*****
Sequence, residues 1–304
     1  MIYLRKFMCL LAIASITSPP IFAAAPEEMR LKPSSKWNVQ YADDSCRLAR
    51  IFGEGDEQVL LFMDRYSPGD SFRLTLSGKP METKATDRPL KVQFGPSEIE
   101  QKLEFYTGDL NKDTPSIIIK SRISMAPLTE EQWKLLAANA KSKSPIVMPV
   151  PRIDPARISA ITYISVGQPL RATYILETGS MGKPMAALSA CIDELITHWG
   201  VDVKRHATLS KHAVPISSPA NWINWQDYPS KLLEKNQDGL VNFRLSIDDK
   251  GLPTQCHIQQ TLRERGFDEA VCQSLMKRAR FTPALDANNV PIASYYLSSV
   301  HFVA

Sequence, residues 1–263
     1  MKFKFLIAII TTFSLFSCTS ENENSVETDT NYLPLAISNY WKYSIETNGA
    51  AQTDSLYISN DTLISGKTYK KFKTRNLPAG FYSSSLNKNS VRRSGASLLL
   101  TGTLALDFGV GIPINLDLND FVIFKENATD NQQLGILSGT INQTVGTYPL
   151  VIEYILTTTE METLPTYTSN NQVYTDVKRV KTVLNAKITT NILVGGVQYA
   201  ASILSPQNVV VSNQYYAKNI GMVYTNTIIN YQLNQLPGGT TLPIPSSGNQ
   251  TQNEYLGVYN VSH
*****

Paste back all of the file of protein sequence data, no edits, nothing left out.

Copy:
Sequence, residues 1–304
     1  MIYLRKFMCL LAIASITSPP IFAAAPEEMR LKPSSKWNVQ YADDSCRLAR
    51  IFGEGDEQVL LFMDRYSPGD SFRLTLSGKP METKATDRPL KVQFGPSEIE
   101  QKLEFYTGDL NKDTPSIIIK SRISMAPLTE EQWKLLAANA KSKSPIVMPV
   151  PRIDPARISA ITYISVGQPL RATYILETGS MGKPMAALSA CIDELITHWG
   201  VDVKRHATLS KHAVPISSPA NWINWQDYPS KLLEKNQDGL VNFRLSIDDK
   251  GLPTQCHIQQ TLRERGFDEA VCQSLMKRAR FTPALDANNV PIASYYLSSV
   301  HFVA

Sequence, residues 1–263
     1  MKFKFLIAII TTFSLFSCTS ENENSVETDT NYLPLAISNY WKYSIETNGA
    51  AQTDSLYISN DTLISGKTYK KFKTRNLPAG FYSSSLNKNS VRRSGASLLL
   101  TGTLALDFGV GIPINLDLND FVIFKENATD NQQLGILSGT INQTVGTYPL
   151  VIEYILTTTE METLPTYTSN NQVYTDVKRV KTVLNAKITT NILVGGVQYA
   201  ASILSPQNVV VSNQYYAKNI GMVYTNTIIN YQLNQLPGGT TLPIPSSGNQ
   251  TQNEYLGVYN VSH